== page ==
As a youngster my fishing was limited to a few local golf course ponds and a few others I maybe should not have fished. Night crawlers were the bait of choice and it worked well for some time. I saved enough money and bought a Mitchell 300 spinning reel, at the time it was tops. With the new spinning combo I also purchased a few Original Daredevle's in red and white. The next trip to the golf course pond I was amazed by the number of pickerel that this lure brought in, they would attack it with gusto.
While fishing the Farmington River years after I fished this Daredevle with confidence and it produced its share of trout. When I picked up the fly rod, a new arsenal would be needed, but funds were limited so the flies I purchased must be good fish catchers. One of the first flies I spotted in the shop was a Red and White bucktail, I purchased a few to start along with some others and was off to the river. That Red and White bucktail worked as well on those stocked trout as the Daredevle.
Some how the bucktail was put into the box and more realistic insect looking flies were used. It stayed pretty much lkie that until one August while we were vacationing in Rangeley Maine. While walking down the long road to Upperdam, two flyfishers were on there way back. We chatted for a while and they said the Red and White were working. As I tied on a #10 Red and White and cast it into those rough swirlling waters, a silver streak came up from his bottom lie to slam the bucktail. That short evening was a top 10 in my fly fishing days.
I still use that Red and White from time to time, with thoughts of that Landlocked salmon in Upperdams waters showing his colors for the Red and White bucktail
The "Red and White" bucktail. A simple and perhaps not used enough fly.
Those look like producers for sure. We often over complicate thing in fishing and in life.ReplyDelete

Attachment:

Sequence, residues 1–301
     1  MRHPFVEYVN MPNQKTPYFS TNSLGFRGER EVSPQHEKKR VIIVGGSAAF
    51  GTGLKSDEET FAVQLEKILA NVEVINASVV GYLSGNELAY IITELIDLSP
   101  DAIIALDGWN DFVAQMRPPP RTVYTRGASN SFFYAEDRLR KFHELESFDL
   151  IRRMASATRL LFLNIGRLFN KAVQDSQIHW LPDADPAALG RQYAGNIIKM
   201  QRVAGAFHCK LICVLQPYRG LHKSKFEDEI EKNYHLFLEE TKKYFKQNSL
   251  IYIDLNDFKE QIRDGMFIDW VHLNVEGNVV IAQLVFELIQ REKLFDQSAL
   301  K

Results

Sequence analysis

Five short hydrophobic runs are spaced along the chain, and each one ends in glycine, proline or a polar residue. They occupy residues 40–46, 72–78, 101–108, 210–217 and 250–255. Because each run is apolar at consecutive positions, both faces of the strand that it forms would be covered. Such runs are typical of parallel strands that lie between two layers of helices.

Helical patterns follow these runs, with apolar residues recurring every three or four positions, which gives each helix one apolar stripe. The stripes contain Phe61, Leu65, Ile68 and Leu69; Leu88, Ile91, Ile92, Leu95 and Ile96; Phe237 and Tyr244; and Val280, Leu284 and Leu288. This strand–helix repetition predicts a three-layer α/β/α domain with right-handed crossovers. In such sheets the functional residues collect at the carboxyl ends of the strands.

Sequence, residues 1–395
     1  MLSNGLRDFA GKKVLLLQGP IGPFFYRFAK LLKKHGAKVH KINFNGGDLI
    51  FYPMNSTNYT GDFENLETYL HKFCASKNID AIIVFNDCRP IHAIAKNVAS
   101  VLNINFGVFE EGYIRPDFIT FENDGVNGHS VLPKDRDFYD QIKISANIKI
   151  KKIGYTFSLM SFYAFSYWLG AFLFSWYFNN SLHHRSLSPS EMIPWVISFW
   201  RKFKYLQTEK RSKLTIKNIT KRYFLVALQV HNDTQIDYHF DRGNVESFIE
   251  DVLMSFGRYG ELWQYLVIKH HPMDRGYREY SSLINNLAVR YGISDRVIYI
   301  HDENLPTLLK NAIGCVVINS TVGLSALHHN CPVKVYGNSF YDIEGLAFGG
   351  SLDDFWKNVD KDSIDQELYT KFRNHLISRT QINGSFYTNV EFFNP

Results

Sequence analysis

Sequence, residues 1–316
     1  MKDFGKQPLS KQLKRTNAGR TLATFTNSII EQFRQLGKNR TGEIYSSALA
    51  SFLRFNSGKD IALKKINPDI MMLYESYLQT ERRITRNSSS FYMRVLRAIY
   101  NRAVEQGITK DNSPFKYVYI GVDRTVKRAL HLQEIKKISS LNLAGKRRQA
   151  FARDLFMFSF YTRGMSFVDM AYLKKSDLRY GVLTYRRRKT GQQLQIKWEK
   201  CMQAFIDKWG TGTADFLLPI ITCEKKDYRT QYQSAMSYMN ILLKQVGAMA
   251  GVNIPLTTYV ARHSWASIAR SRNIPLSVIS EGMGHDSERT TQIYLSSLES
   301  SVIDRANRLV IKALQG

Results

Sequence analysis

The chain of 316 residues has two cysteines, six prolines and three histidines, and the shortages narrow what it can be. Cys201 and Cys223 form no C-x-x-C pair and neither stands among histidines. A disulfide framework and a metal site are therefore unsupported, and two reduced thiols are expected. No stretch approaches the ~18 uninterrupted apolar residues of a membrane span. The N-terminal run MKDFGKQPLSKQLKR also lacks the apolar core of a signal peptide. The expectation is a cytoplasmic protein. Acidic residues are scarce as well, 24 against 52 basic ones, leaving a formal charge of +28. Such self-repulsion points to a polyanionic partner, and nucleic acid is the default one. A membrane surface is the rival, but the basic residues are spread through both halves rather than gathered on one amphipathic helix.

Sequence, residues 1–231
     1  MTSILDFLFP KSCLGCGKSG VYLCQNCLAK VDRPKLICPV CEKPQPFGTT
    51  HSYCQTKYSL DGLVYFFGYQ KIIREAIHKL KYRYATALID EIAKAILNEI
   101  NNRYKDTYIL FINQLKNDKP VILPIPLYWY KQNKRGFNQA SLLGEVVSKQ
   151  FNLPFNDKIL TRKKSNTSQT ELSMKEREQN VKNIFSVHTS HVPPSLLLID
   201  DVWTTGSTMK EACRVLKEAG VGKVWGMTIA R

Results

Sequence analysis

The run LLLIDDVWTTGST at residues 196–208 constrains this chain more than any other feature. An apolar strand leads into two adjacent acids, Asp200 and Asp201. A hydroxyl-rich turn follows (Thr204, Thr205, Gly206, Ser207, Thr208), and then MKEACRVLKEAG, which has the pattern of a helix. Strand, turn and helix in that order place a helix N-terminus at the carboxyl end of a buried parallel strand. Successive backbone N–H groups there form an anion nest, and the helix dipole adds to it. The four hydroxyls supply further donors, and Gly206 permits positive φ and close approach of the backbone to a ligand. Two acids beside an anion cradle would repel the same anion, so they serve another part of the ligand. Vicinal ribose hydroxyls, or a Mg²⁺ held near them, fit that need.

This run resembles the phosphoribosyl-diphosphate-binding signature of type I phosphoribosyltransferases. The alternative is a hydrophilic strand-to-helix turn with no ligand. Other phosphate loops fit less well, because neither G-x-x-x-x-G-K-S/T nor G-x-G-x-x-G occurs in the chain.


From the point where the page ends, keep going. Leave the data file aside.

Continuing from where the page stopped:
Red and white..a killer combination..as you note, awesome for landlocks..as well as salt water..I think I need to ty some variations to experiment with. Too much fun!!!ReplyDelete
Found your blog last week. Nice to see the small stream scene is alive and kicking. That Red and White can be a trip maker. Try it in a winged wet tie or small bugger. Looking forward to more posts! Todd
Thanks, and I agree that sometimes we do try to complicate something that has worked in a simple and easier form.
Saltwater too. Good to know, Thanks
Thanks. Small streams and wild trout, I do love it.
I have fished a Parmacheene Belle wet which is similar, its a great brookie wet fly.
Mitchell 300. Wow, the first spinning reel I had and I used it until it fell apart. If you replace the wite with yellow on the bucktail it gives you a Mickey Finn. Also good for Brookies.ReplyDelete
Simple is better. I think bucktails are a fly that is underappreciated. I was turned on to them when reading through Fran Better's fly tying guide. I tied many in the way Fran suggested, browns, whites and blacks of a natural bucktail and I did pretty good with them this year.ReplyDelete
The Mickey Finn is probably on of the best brookie flies out there. And the same fate fell upon my Mitchell 300, with the salt water helping that happen.
Frans Old Fashioned bucktails, a good article.
One of the few fish that seem to be in brook trout waters, especially small streams is the Black Nosed Dace. I believe that brookies will feed upon them when available. Thats another good bucktail Black Nose Dace.